Maybe it was true – I was a fake. The eve I defended my dissertation, I had no idea what I was getting into. I didn’t have a clue what was involved in becoming a professor. Who could have foreseen the amount of work involved in writing lectures on the fly to teach a full course load? Although I’d pulled my share of all-nighters as a grad student, those were nothing compared to the string of sleepless nights that left my brain feeling like sawdust behind the lecture podium.
My office clock said 11:55. Once again, I’d fallen asleep at my desk, my face plastered to a sandwich wrapper. The night lights from the football field outside my window streamed in, giving my bookshelf an eerie glow. So much for marking papers.
As I waited for the elevator in the pea green corridor, a bearded man came out of nowhere.
"Howdy," he said, standing too close. My stomach did a back flip.
But he was just the caretaker. Smiling awkwardly and standing a little too close.
I rushed outside and stood on the cement piazza surrounding the Arts Building. Beyond the empty parking lot loomed the low, undulating hills known, for some strange reason, as "the highlands."
I remembered how when I’d landed this job, I’d imagined myself going for long walks in the woods, communing with birds, brushing against ferns, my ears attuned to every rustle and sigh of a blade of grass. Like Thoreau, who'd luxuriated in his sojourn living in a cabin at Walden Pond, my thoughts would become serene: "This is a delicious evening, when the whole body is one sense, and imbibes delight through every pore. I go and come with a strange liberty in Nature, a part of herself."
The hills around me weren’t very high, yet they hemmed my soul in. They might as well have been the Andes.
Photo from: here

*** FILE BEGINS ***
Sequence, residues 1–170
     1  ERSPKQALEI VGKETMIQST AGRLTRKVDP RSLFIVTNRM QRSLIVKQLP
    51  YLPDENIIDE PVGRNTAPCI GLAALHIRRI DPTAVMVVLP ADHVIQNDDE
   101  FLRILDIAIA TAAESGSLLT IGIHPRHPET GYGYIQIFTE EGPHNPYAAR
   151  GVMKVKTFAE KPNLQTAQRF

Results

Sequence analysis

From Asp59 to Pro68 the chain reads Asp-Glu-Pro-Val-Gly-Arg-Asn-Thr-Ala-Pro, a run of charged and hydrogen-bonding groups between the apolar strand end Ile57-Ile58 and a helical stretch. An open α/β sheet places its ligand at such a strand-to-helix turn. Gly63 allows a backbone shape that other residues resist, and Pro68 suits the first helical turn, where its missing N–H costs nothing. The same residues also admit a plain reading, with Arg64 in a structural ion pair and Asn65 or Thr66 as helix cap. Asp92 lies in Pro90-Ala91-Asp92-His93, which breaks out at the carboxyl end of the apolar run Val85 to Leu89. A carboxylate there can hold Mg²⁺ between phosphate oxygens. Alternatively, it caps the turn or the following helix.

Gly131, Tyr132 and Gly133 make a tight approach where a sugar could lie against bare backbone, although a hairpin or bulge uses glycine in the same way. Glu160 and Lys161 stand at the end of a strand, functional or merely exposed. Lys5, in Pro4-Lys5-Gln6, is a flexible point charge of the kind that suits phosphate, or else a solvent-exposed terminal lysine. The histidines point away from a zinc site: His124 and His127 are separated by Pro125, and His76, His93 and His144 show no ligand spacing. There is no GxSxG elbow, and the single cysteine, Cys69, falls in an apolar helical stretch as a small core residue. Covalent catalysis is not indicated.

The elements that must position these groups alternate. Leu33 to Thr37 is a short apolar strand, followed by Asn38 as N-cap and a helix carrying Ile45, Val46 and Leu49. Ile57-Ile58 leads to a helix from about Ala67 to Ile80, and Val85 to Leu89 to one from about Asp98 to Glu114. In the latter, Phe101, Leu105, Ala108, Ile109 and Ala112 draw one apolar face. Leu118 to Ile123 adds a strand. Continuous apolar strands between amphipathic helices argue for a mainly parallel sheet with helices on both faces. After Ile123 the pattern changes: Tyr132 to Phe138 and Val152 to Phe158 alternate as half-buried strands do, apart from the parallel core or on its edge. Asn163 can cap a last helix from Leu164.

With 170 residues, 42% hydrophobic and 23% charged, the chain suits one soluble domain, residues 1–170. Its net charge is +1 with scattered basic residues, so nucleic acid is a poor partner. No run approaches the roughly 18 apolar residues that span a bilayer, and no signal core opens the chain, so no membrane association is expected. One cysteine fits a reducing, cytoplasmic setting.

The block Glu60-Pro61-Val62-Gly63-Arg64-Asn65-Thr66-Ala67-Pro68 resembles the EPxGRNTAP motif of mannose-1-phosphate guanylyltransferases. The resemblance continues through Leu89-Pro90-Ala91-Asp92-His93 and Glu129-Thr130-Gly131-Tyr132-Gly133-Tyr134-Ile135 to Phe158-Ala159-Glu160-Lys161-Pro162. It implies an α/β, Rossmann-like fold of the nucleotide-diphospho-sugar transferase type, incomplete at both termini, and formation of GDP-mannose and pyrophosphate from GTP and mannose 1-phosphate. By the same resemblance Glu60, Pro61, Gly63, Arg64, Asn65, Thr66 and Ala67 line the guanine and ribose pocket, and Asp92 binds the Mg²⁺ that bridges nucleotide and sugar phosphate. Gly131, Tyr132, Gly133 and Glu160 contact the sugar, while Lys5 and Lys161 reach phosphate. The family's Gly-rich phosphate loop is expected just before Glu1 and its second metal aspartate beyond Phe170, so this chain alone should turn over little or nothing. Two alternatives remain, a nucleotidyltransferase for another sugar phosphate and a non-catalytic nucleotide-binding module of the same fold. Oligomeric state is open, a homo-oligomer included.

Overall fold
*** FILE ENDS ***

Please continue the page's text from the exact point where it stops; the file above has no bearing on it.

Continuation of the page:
- Leslie Shimotakahara
- Toronto, ON, Canada
- Leslie Shimotakahara is a writer and recovering academic, who wanted to be simply a writer from before the time she could read. Hard-pressed to answer her parents’ question of how she would support herself as a writer, Leslie got drawn into the labyrinthine study of literature, completing her B.A. in Honours English from McGill in 2000, and her M.A. and Ph.D. in Modern American Literature from Brown in 2006. After graduation, she taught English at St. Francis Xavier University for two years. Leslie woke up one morning and realized that she’d had enough of the Ivory Tower. The fact that she wasn’t doing what she wanted to do with her life loomed over her, and the realization was startling. It was time to stop studying and passively observing life and do something real instead. She needed to discover herself and tell her own story. This blog and the book she has written under the same title (Variety Crossing Press, spring 2012) are her foray. Last year, Leslie was selected as an Emerging Writer in Diaspora Dialogues and read at The Word On The Street. Her writing has been published in TOK: Writing the New Toronto, Maple Tree Literary Supplement, and GENRE.